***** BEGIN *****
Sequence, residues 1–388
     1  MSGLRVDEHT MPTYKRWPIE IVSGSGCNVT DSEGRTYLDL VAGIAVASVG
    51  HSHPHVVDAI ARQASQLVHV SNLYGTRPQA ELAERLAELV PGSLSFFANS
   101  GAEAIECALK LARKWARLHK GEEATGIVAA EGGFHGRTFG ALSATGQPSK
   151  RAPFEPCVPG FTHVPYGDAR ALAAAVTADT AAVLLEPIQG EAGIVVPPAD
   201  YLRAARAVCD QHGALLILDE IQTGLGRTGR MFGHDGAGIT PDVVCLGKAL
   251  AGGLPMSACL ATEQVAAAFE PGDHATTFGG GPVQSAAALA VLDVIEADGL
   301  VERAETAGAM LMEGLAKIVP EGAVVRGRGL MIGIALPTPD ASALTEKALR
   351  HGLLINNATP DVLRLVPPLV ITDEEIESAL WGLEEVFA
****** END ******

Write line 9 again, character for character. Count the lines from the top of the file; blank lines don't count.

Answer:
   351  HGLLINNATP DVLRLVPPLV ITDEEIESAL WGLEEVFA